It was a beautiful spring day in Richmond. Maria and I were headed to the Baker brothers’ place for a BBQ.
This was before they moved to Oregon Hill.
The thing about Richmond that was great was that people got together for shit like this. Barbecues. Potlucks. Birthdays. Whatever. The bars were sloppy and no one really knew anything about fine dining and no one wanted to spend a whole bunch of money unless it was on the stuff that everyone expected you to spend a whole lot of money on. These get-togethers were perfect, really, for creating a kind of balance. Maybe not a lot of us thought about it. Personally, I thought it had something to do with all the T.V. we watched in the 80’s. It’s a theory I was working on.
I was still in school but it was the last year and I didn’t care too much. OK that wasn’t exactly accurate. I cared. But it had all become, well how do I describe it? Automatic? I showed up. I did the work. School had just become life and work and when you blur those lines it doesn’t really feel like a hassle anymore. That’s a lesson you learn as you grow up. To get out of the chore mentality. That’s what will drag you down. When you get to this level, you just do what you have to do and get on with it. I did the time in the library, I wrapped it up, I grabbed Maria, we hit the bar, and if I didn’t blow it, we had sex when we got home. I was in a flow. And I felt good about it.
Like I said, it was spring and the weather was getting nicer. Maria didn’t waste any time. She had on some jean shorts that rode high, all frayed at the end, and she wore some low cut boots and her legs looked like the curve of a string instrument. She had tattoos on the backs of her calves and they weren’t small. Her hair was short and curly. She was probably the most happiest person I knew about the weather. I liked being around her when she was like this. She would hum to herself, and that set me at ease. It made me feel like all was right with the world.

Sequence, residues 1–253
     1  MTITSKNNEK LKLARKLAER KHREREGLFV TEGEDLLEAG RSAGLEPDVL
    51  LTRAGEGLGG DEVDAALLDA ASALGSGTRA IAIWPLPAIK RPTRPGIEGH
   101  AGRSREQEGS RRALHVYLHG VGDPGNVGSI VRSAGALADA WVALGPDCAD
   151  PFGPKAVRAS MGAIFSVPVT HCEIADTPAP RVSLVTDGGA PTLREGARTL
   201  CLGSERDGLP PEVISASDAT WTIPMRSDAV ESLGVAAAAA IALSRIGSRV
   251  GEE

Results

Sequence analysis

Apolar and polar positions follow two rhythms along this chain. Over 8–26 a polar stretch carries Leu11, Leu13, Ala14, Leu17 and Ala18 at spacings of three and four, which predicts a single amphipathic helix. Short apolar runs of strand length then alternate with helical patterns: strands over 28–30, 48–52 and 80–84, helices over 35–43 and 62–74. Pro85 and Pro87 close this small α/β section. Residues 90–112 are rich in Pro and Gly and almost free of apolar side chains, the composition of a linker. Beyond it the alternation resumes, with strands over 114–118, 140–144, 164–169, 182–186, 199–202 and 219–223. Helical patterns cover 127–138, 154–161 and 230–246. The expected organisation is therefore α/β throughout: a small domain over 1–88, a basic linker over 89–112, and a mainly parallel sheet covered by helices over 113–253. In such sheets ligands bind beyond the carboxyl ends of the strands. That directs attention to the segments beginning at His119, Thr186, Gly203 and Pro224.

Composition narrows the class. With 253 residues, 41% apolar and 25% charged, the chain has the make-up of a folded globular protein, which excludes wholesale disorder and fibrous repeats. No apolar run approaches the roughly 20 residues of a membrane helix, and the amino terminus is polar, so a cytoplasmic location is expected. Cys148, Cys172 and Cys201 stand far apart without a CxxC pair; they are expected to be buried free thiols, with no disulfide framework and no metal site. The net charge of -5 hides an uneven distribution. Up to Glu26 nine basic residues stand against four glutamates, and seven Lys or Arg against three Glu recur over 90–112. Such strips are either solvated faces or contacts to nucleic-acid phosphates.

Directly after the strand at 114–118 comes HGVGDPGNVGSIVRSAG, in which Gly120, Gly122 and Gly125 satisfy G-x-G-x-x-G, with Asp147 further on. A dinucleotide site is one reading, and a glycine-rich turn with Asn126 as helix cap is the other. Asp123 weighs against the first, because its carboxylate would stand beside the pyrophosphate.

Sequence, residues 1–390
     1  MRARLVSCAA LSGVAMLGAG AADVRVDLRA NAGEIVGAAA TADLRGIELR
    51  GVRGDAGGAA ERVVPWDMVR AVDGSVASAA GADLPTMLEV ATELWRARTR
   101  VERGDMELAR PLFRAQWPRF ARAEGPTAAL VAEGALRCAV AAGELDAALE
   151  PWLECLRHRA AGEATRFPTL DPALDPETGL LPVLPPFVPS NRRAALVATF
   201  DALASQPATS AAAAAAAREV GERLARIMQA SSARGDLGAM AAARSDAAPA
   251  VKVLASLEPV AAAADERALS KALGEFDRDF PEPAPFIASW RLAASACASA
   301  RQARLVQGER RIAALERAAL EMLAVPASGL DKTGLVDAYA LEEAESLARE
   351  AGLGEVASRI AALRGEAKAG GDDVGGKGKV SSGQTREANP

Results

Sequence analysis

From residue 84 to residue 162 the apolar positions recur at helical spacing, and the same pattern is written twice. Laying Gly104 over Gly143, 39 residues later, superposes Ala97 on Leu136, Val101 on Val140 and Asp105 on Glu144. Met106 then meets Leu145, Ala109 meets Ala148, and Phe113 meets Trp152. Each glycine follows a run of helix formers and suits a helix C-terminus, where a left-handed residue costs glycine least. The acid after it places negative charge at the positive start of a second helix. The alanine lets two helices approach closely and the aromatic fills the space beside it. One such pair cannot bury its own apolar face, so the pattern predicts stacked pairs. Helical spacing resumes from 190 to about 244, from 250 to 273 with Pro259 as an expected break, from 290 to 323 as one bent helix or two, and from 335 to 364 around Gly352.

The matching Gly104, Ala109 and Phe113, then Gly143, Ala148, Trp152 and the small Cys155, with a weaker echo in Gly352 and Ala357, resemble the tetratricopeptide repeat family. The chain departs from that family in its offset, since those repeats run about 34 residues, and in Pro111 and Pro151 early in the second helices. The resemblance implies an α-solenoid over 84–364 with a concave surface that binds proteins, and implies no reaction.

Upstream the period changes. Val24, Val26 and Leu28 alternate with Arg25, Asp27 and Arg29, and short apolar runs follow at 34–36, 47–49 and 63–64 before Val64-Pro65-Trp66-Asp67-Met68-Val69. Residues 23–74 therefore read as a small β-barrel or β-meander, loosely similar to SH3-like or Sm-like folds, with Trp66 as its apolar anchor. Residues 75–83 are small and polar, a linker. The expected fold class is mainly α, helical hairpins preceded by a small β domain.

She called when she was outside and when I came out, I asked if I could drive. There wasn’t really any reason. I just liked driving my girl around with one hand on the wheel and the other on her thigh. It didn’t need to be my car. I had the windows down and anybody I passed on the street I smiled at.
When we got into the grocery store, I picked up a basket. “They’ll have burgers and you can bet Wendell will have his hot dogs.”
“So what then?”
“Beer. Chips. Spicy mustard.”
“Spicy mustard?” Maria laughed.
“I can’t risk the Baker brothers not being up to snuff on the condiments. The mustard makes the difference.”
She laughed some more. I laughed too.
“Babe, I’m telling you, it’s all in the details.”
“My dad hates mustard.”
“Pfft. Yeah right. He probably just doesn’t know about mustard.”
“I think I know my own father.”
“You think you know him.”
She stopped in the middle of the aisle, both hands on her hips. I could see it. Her eyes had that tinge of crazy to them. I had to be sure about where I went here.
“Well, I mean, you said he wouldn’t like me right?”
“I knew you were going to bring this up.”
“What? You didn’t say that?”
“No! I didn’t say he wouldn’t like you. I said that when I was young he didn’t want me dating black guys. Number one that was a long time ago and number two, I knew he’d like you.”
“How’d you know?”
She rolled her eyes and shook her head but couldn’t hold back a slice of a smile as she walked past me. I smiled too, and followed after her.
We stood in front of a glowing row of beer. I grabbed a case of Rolling Rock. Maria punched me in the arm.
“I knew y’all would get along. It’s why I wanted him to meet you.”
“I was pretty nervous, you know. He was taller than I thought he was gonna be. He’s got tattoos older than I am.”
She came up to me with her whole body and kissed me. It was a good kiss. “You knocked it out the park, baby.”